Don’t Forget the Songs-365: Mach Tres: Day 167
Mon. July 15, 2013
“Untitled [”Bony”: The Stanbridge demo]”
After trying to create Beck’s Midnight Vultures and churning out electronic pop fuzz of Head Music, instead; In 2001, Suede was looking to move away from their techno like fiasco and into a more stripped down approach. After lead singer Brett Anderson’s much maligned electronica obsession, the Suede front man was attempting to detox with the written word. Anderson was searching for a literal, literary resurrection as he explained in Dave Barnett’s Suede: Love & Poison, “I isolated myself with books and real instruments. If anything it was born out of a physical need to escaper London and its temptations. The place was killing me. Literally. I read Atomised by Michel Houllebecq, which directly inspired “Untitled,” and books by Camus, Leonard Cohen, Paul Auster and others. I created a deliberate vacuum so all of these influences would flood in. I spent a lot of time walking in the countryside, sometimes for hours and hours, fascinated by nature and its battle with concrete and steel.”
In reality, Anderson had been living out Bruno Clement’s desperation fantasies from Atomised. Anderson was attempting to capture the aching vulnerability of his beloved Bruno. And in “Untitled” within the beautiful longing is the fatalistic spirit of this “wild flower” being “crushed like a butterfly,” Brett was trying to find some inner peace by channeling his favorite character from Houllebecq’s book.
While working on the New Morning sessions Suede auditioned Beck’s Midnight Vultures collaborator Tony Hoffer. It was short lived but later in Barnett’s book. Anderson talked about Hoffer’s enthusiasm for the lasting emotional connection of “Untitled” when he said, “Me and Simon will be doing something like this song, “Untitled,” which is pretty pastoral, and for some reason he got into the groove of it, and we’re playing this folky thing, and at the end he said, ‘At this point I’m seeing cars in the video, jumping up and down.”
The celebratory tone of the sessions ended with the band trying to re-record the demos, with not one but three other producers including Stephen Street, which Suede made at Stanbridge which included the original version of “Untitled” originally known as “Bony,” which I prefer to the overproduced rendition fond on the final version of 2002’sA New Morning. Brett shared in the discontent of A New Morning when he said in Barnett’s book, “I think it’s got a couple of great moments, but I think it’s weak. Writing the album, I’m not sure I was the sharpest mentally. Didn’t really quite know where I wanted to go. I don’t think it was extreme enough. I think it maybe would have been better and much cooler if it had been an album of acoustic songs.”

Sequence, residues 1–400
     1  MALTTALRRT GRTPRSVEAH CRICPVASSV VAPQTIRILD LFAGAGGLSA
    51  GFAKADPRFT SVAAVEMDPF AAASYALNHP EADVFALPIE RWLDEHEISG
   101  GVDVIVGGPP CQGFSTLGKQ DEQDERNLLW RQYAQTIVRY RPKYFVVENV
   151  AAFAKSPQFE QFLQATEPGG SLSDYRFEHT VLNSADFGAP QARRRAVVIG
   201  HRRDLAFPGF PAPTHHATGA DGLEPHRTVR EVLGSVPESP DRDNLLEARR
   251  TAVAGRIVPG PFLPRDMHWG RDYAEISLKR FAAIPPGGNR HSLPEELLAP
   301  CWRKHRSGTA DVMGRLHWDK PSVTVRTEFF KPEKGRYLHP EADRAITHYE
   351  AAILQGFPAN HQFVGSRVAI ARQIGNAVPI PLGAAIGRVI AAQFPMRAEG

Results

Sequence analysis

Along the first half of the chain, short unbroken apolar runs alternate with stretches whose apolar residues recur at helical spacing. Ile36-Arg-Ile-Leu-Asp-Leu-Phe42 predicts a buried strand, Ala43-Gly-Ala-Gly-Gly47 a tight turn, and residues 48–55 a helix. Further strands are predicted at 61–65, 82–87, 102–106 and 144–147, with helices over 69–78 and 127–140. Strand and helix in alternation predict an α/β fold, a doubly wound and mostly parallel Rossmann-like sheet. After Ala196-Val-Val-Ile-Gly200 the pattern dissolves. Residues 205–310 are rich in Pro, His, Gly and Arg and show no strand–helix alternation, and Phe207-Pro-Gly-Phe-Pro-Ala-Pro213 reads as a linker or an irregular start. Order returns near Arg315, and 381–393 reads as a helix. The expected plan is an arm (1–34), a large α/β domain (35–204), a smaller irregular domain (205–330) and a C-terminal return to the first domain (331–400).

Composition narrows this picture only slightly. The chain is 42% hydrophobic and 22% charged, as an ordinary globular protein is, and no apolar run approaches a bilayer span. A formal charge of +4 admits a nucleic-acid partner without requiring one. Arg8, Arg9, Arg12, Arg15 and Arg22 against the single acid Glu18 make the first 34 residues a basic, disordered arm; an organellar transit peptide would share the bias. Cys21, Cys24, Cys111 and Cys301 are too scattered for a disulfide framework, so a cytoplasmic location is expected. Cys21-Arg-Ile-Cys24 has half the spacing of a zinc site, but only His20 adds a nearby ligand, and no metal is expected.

Imagine if Suede would have just released the stripped down brilliance Stanbridge demos including “Untitled’s” “Bony?” Until 2013’s Bloodsports, A New Morning had this mournful feeling like it would be the final album by Suede. That 2002 LP was one that left Anderson with dissatisfaction that his favorite character Bruno from Atomised was so familiar in experiencing. Crafted in the countryside away from the lusty temptations and lovely poisons from London, “Untitled” and my preferred choice, “Bony” demo, was Brett Anderson finding compassion in an outcast nature of Bruno. While talking to The Guardian UK, Brett remembered those days before A New Morning like this, “Last year, when I decided not to destroy myself any more, I kind of disappeared off to the countryside with a huge amount of books, a guitar and a typewriter… and wondered what the outcome would be.”
“Untitled” is famous for Anderson’s only lyrical ode to Depeche Mode. I don’t think it’s a coincidence that Brett name checked “Flies on the Windscreen” from Mode’s dark epic Black Celebration. In reality, Anderson related to the excess craving ways of Michel Houllebecq’s desperate character that Brett honored him in a romantic ode, trying to overcome his fatalistic addictions and trying to find true love. We all can relate to Anderson’s longing ballad, I bet he left this 2002 “Bony,” the demo of A New Morning‘s “Untitled,” so each of us can place ourselves within the lyrical persona of Brett’s touching anthem for the outcast within all of us and our frustrated hearts. With “Untitled,” Anderson learned a very literary lesson, sometimes whilst flirting with our inner demons we find solace and inspirations within the confines and emotions of vivid book instead.
Press to Play – Suede’s “Bony” – The “Untitled” Stanford demo: